It’s not a surprise when hearing about the link between Chronic Traumatic Encephalopathy (CTE) and football. CTE is a brain disease that spreads after repeated blows to the head, and causes rapid dementia and can trigger severe depression. Yet the disease might be spreading to another different kind of football — or futbol. Recently, doctors at Boston University’s CTE Center confirmed the first known case of CTE in a former soccer player’s brain.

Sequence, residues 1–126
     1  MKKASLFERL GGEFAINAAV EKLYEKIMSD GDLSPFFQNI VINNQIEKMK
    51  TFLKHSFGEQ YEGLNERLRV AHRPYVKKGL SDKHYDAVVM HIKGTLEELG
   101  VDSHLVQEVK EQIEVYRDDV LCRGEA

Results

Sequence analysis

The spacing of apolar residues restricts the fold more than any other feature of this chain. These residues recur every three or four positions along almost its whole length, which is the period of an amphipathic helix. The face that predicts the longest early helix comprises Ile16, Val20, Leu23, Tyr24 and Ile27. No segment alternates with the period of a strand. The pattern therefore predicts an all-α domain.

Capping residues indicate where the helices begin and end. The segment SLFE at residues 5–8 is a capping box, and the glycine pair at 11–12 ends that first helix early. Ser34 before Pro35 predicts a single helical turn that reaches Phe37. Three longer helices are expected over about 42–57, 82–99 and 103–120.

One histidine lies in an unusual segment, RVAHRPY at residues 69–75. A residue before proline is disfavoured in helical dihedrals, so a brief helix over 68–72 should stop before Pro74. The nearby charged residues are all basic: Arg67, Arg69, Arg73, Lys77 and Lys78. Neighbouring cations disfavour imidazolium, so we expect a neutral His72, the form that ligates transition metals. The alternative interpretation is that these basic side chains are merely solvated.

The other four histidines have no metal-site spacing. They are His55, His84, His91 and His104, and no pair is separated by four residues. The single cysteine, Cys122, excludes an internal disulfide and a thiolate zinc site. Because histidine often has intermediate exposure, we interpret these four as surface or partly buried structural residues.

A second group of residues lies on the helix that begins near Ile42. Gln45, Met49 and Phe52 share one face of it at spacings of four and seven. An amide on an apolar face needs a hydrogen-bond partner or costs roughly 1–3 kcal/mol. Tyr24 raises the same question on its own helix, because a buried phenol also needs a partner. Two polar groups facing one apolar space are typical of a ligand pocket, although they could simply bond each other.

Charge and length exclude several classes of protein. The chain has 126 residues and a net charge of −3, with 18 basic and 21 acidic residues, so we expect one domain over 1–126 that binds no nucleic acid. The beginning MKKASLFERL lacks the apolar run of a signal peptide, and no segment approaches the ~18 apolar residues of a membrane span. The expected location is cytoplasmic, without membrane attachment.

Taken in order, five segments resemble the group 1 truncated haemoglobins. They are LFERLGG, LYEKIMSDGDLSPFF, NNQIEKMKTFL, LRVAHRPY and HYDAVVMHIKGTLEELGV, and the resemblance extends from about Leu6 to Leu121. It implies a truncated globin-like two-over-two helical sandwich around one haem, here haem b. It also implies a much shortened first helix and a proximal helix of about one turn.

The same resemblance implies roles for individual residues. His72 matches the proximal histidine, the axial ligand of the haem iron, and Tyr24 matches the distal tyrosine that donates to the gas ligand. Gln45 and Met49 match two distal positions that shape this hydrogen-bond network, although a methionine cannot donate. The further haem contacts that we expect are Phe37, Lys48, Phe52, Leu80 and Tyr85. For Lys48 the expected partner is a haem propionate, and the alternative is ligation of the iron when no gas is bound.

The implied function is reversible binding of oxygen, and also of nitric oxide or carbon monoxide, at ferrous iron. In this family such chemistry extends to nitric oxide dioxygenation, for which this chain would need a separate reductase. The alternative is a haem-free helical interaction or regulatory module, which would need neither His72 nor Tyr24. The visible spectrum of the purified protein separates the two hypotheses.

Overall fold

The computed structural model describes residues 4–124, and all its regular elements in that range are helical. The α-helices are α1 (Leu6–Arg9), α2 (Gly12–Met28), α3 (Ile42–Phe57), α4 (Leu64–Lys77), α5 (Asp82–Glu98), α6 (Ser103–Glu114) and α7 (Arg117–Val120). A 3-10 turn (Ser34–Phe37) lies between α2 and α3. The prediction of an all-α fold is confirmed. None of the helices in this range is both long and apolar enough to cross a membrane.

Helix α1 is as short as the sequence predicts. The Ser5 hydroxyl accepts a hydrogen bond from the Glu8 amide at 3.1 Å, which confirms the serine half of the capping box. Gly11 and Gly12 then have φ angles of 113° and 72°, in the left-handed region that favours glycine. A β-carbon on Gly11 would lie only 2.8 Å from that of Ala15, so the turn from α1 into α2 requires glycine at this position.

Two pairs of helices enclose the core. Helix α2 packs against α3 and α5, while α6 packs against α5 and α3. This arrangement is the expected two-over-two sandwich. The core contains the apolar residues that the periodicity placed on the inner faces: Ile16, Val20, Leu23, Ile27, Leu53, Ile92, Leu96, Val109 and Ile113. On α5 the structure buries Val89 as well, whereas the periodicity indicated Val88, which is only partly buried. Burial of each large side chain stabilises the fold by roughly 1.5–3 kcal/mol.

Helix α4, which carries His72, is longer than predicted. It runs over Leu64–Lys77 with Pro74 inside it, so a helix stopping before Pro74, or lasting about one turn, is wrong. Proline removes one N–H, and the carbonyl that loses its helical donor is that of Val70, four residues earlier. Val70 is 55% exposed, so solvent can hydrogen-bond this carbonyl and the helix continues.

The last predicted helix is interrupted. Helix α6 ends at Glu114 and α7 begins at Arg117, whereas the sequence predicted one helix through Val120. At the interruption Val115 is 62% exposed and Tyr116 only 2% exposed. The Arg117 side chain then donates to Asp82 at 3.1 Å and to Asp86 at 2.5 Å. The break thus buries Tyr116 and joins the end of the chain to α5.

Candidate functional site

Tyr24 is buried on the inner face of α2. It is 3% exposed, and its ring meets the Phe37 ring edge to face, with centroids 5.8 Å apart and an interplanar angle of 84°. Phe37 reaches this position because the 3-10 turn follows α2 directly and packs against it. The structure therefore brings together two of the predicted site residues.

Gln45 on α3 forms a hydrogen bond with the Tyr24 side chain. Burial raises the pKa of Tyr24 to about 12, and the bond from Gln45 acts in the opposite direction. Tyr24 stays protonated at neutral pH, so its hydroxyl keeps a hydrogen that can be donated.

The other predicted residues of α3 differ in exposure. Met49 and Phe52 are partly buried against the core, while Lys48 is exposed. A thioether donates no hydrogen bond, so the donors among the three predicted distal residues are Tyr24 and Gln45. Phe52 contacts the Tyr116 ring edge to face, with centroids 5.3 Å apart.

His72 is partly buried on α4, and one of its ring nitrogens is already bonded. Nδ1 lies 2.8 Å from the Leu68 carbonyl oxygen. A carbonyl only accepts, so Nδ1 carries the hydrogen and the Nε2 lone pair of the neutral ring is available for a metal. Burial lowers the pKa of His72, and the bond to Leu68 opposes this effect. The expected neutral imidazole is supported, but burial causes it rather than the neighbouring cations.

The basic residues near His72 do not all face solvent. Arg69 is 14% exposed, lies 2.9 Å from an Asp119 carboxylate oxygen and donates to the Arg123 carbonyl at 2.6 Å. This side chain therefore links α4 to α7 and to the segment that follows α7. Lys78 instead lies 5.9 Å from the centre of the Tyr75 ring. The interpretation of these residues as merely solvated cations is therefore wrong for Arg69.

Patrick Grange, who played college and semi-professional soccer, was known for his ability to head the ball aggressively. He died in 2012 of Lou Gehrig’s disease. Immediately after, researchers obtained his brain for study and concluded his brain tissue was riddled with CTE. It’s not known for sure that CTE caused him to develop Lou Gehrig’s disease, yet it raises questions about the negative effects of heading a soccer ball.
Dr. Juan Rivera joins Jorge Ramos and AM Tonight’s Alicia Menendez to discuss the potential dangers.